Why can’t our side ever buy NBC, the Washington Post, and a TV/Film studio, and compete with the MSM? 

    They did – it’s called Fox News. And people like Rush and Glenn Beck – but they and we are now the minority, and none of us are getting any younger.

    The Left have been playing the long game for a, um, long time – 100 years or so.

    Islam has been playing it for about 1300.

    So, if there is a long center-right game, it’s gonna have to be… long.

    • #10
    • November 8, 2012 at 4:11 am
  11. Profile photo of Nick Stuart Thatcher
    Andrew Klavan: How much of our defeat was due to strategy and how much to structure? How can we reach out to struggling workers without sacrificing our commitment to free enterprise and individual liberty? How can we speak to single women without losing voters committed to family values and the lives of the unborn? How can we welcome the children of illegal immigrants without compromising our belief in the rule of law?

    Good questions, for which I’m sure there are good answers. The RNC needs to put to work people smarter than me perfecting how to deal with them.

    Then ANY Republican candidate wanting party money should be REQUIRED to memorize, and practice the answers.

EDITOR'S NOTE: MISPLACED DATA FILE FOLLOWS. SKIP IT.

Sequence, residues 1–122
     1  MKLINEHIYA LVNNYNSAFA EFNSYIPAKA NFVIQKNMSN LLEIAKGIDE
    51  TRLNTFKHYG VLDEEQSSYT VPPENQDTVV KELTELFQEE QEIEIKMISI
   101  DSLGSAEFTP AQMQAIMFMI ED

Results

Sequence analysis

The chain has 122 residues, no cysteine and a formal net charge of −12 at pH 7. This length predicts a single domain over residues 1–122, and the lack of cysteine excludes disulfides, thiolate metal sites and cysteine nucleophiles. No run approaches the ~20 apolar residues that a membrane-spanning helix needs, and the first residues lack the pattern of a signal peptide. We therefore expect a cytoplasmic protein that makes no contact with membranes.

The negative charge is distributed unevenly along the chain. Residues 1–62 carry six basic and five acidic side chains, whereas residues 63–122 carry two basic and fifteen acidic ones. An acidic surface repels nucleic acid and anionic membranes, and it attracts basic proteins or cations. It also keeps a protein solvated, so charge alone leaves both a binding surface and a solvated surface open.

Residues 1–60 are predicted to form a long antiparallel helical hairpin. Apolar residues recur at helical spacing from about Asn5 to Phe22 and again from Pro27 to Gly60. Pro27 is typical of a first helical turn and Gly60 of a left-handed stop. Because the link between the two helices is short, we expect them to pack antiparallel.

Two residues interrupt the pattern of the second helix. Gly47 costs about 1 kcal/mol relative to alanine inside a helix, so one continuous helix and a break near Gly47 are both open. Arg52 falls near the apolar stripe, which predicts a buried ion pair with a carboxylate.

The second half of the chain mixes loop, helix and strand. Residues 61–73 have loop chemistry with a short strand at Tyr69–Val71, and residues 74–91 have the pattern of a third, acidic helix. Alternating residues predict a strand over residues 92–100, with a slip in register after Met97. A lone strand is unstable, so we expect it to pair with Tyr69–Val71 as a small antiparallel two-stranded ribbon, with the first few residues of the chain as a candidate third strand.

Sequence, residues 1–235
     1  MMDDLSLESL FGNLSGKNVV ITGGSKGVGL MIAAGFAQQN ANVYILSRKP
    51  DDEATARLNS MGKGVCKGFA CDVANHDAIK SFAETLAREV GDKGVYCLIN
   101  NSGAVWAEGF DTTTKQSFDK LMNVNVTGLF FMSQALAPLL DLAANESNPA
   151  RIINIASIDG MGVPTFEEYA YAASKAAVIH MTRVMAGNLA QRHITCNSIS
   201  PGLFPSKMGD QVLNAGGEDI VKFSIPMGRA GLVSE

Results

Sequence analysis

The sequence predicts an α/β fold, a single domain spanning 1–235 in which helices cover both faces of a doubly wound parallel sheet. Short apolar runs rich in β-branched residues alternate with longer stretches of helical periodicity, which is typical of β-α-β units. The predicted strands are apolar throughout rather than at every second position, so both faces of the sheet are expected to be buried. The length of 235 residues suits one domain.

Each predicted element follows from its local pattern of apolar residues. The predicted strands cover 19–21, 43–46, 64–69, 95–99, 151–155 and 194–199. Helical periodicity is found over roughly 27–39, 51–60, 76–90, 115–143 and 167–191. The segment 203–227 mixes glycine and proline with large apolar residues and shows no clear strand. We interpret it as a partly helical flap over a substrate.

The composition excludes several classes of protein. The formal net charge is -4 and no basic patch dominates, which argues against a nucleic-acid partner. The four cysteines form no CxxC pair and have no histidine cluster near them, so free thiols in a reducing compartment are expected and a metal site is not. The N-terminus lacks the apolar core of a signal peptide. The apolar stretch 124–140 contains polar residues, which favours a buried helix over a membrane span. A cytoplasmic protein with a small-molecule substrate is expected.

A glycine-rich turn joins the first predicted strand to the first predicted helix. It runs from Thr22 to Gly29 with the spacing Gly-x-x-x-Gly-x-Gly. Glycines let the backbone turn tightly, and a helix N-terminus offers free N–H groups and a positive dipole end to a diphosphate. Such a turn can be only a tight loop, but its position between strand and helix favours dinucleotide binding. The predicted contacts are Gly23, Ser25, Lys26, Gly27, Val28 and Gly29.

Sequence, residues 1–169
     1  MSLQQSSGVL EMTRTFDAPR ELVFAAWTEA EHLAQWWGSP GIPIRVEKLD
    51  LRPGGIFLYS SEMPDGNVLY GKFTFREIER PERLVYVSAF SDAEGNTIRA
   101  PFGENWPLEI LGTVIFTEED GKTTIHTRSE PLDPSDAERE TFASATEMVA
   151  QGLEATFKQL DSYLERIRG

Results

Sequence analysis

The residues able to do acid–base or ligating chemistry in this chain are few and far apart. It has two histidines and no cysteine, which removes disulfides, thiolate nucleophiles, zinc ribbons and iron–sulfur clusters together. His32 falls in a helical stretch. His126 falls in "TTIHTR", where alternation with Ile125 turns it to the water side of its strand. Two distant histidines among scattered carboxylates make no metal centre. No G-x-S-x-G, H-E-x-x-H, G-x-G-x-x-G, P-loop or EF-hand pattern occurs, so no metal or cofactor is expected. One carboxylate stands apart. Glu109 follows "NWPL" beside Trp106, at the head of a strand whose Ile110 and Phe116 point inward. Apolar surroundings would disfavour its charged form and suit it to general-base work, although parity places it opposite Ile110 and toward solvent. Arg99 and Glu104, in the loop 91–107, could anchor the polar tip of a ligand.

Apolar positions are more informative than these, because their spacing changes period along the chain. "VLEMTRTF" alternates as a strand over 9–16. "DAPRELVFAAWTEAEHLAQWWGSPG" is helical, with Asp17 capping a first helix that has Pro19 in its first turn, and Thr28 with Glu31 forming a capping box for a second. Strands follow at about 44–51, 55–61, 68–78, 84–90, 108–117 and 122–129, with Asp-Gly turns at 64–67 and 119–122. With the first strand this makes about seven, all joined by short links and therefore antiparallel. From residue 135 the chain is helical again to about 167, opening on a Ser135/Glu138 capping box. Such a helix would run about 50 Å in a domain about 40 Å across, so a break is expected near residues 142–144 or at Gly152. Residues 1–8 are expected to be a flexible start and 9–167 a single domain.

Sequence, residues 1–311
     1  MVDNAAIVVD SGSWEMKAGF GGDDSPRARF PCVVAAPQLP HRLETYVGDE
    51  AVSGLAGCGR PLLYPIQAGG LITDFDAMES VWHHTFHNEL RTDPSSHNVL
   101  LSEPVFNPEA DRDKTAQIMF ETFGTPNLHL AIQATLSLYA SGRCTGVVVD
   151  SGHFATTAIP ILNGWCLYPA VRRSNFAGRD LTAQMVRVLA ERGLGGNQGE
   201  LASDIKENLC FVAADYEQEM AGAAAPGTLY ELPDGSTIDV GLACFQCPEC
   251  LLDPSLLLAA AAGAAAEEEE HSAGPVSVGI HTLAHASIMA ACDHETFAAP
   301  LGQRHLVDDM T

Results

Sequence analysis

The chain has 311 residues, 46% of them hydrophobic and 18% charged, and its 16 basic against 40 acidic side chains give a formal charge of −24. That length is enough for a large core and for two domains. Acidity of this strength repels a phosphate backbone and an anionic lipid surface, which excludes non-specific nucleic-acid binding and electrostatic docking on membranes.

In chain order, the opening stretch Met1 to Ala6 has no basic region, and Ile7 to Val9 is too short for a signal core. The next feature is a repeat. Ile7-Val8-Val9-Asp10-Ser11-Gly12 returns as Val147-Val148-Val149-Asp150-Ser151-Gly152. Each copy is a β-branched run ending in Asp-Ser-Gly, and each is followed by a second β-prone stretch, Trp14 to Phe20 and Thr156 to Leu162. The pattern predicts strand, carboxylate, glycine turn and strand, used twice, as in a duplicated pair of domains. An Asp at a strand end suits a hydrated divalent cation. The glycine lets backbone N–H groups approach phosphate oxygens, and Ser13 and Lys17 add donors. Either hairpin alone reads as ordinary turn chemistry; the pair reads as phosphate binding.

We cannot afford any more candidates who answer basic questions they KNOW they’re going to be asked stupidly and throw their races away.

    • #11
    • November 8, 2012 at 5:04 am
  12. Profile photo of Southern Pessimist Member

    Yep. Now is not the time to go Galt. It is the time to go Breitbart.

    Maybe with slightly less bombast but with lots of humour and the fierce conviction of principle that the other Andrew exhibited.

    • #12
    • November 8, 2012 at 5:10 am
  13. Profile photo of Severely Ltd. Member

    Even in the early 20th century there was a dearth of good fiction with a conservative backbone (though certainly not as thin as today) prompting C.S.Lewis and Tolkien to agree that each would write a novel that they themselves would want to read. This resulted in Lewis’s space trilogy–if I’m remembering rightly–and the Hobbit.